Principles & Guidelines for the
Practice of Collaborative Law
(The parties to a Collaborative Divorce are asked
to adopt the following)
The essence of "Collaborative Law" is the shared
belief by participants that it is in their best
interests and those of their families to commit
themselves to avoiding divorce litigation.
This conflict resolution process, which does not
rely on a Court-imposed resolution, but relies on an
atmosphere of honesty, cooperation, integrity and
professionalism, is geared toward the immediate and
future well-being of the family.
The specific goals are to minimize, if not
eliminate, the negative economic, social and
emotional consequences of protracted divorce
litigation to the participants and their families.
The participants themselves commit to the
Collaborative Law process and agree to seek a better
way to resolve our differences justly and equitably.
II. NO COURT OR OTHER
The participants commit themselves to settling
their divorce case without court intervention.
The parties agree to give full, honest and open
disclosure of all information, whether requested or
The parties agree to engage in informal
discussions and conferences to settle all issues.
The parties agree to direct all attorneys,
accountants, therapists, appraisers and other
consultants to work in a cooperative effort to
resolve issues without resort to litigation or any
other external decision making process except as
III. PARTICIPATION WITH INTEGRITY
The parties pledge to work to protect the
privacy, respect and dignity of all involved,
including parties, attorneys and consultants.
The parties pledge to maintain a high standard of
integrity and specifically not to take advantage of
each other or of the miscalculations or inadvertent
mistakes of others, but shall identify and correct
IV. EXPERTS AND CONSULTANTS
If experts are needed, they are retained jointly
unless all parties and their attorneys agree
otherwise in writing.
V. CHILDREN'S ISSUES
In resolving issues about sharing the enjoyment
of and responsibility for their children, the
parties, attorneys and therapists shall make every
effort to reach amicable solutions that promote the
children's best interests.
The parties agree to act quickly to mediate and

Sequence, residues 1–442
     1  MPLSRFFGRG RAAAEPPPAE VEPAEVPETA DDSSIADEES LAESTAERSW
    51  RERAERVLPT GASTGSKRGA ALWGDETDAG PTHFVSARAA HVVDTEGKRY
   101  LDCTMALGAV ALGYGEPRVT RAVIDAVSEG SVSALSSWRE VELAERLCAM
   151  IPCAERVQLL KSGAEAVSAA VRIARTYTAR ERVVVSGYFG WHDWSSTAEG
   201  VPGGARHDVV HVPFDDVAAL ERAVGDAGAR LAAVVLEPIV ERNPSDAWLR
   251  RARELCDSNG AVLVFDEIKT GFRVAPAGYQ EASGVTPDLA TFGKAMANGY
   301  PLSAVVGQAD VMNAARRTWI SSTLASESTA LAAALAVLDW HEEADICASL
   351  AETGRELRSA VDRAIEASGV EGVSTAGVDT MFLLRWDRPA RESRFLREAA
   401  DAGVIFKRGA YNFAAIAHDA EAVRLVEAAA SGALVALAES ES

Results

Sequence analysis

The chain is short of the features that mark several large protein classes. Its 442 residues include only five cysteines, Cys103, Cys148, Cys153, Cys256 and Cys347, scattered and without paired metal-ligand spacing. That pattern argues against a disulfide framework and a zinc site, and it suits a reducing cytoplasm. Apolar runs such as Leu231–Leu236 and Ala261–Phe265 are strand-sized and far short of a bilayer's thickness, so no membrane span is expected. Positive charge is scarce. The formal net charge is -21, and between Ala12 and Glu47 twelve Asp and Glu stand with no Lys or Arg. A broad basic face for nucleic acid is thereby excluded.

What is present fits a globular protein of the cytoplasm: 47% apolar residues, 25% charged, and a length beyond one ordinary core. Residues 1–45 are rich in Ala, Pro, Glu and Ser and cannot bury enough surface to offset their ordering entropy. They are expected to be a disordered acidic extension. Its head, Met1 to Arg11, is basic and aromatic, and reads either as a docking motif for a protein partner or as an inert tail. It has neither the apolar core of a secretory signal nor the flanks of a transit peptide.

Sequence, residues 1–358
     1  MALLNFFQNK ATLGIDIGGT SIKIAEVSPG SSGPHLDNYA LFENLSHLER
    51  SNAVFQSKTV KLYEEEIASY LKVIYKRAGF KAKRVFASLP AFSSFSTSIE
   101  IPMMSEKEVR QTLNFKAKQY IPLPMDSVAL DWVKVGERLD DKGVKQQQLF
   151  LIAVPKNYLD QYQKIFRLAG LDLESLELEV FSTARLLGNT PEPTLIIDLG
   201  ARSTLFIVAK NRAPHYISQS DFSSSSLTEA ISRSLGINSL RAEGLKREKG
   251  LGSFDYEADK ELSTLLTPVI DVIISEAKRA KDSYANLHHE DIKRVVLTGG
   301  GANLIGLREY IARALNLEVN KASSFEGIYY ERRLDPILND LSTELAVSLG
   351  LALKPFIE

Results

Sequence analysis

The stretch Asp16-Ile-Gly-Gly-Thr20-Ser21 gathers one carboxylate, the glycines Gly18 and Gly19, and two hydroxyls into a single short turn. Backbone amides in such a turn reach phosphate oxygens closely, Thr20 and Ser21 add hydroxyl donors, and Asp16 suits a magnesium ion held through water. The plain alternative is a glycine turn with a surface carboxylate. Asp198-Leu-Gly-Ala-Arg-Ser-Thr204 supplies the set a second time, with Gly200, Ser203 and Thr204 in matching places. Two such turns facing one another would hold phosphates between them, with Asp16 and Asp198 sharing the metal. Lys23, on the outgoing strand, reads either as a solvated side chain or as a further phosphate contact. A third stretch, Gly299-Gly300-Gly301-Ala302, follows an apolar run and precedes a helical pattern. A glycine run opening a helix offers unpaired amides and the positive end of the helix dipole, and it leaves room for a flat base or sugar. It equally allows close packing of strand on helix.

resolve differences related to the children to
promote a caring, loving and involved relationship
between the children and both parents.
The parties agree not to seek a custody
evaluation while the matter is a Collaborative law
The parties agree to insulate their children from
involvement in their disputes.
The parties agree to attend the Parent Education
course offered by the Court.
VI. NEGOTIATION IN GOOD FAITH
The parties acknowledge that each of their
attorneys is independent from the other attorneys in
the Rocky Mountain Collaborative Law Professionals
group, and represents only one party in the
Collaborative Law divorce process.
The parties understand that the process, even
with full and honest disclosure, will involve
vigorous good faith negotiation.
Each party will be expected to take a reasoned
position in all disputes. Where such positions
differ, each party will be encouraged to exercise
good faith, and use best efforts to create proposals
to meet the fundamental needs of both, and if
necessary to compromise to reach a settlement of all
Although each party may discuss the likely
outcome of a litigated result, neither will use
threats of litigation as a way of forcing
VII. ABUSE OF THE COLLABORATIVE
The parties agree that an attorney will withdraw
from a case as soon as possible upon learning that
his or her client has withheld or misrepresented
information or otherwise acted so as to undermine or
take unfair advantage of the Collaborative Law
process. Examples of such violations of the process
are: the secret disposition of community,
quasi-community or separate property, failing to
disclose the existence or the true nature of assets
and/or obligations, failure to participate in the
spirit of the collaborative process, abuse of their
spouse, or the minor children, or planning to flee
the jurisdiction of the court with the children.
These are just examples and not an exhaustive list
of all reasons why an attorney may withdraw from the
Collaborative Law case.
VIII. DISQUALIFICATION BY COURT
The parties understand that their attorneys'
representation is limited to the Collaborative Law
process and that neither of their attorneys can ever
represent his or her client in court in a proceeding
against the other spouse.
In the event a court filing is unavoidable, both
attorneys will be disqualified from representing
In the event that the Collaborative Law process
terminates, all consultants will be disqualified as
witnesses and their work product will be
inadmissible as evidence unless the parties agree
otherwise in writing.
IX. ATTORNEY'S FEES AND COSTS
The parties agree that their attorneys are
entitled to be paid for their services, and the
first task in a collaborative matter is to ensure
parity of payment to each of them. The parties agree
to make funds available for this purpose.
The parties understand that there is no guarantee
that the process will be successful in resolving
The parties understand that divorce is not
without conflict, and the Collaborative Law process
cannot eliminate concerns about the disharmony,
distrust and irreconcilable differences which have
led to the divorce.
The parties understand that they are still
expected to assert their respective interests and
that their respective attorneys will help each to do
The parties understand that they should not lapse
into a false sense of security that the process will
protect each of them.
The parties understand that while their
collaborative attorneys share a commitment to the
process described in this document, each of them has
a professional duty to represent his or her own
client diligently, and is not the attorney for the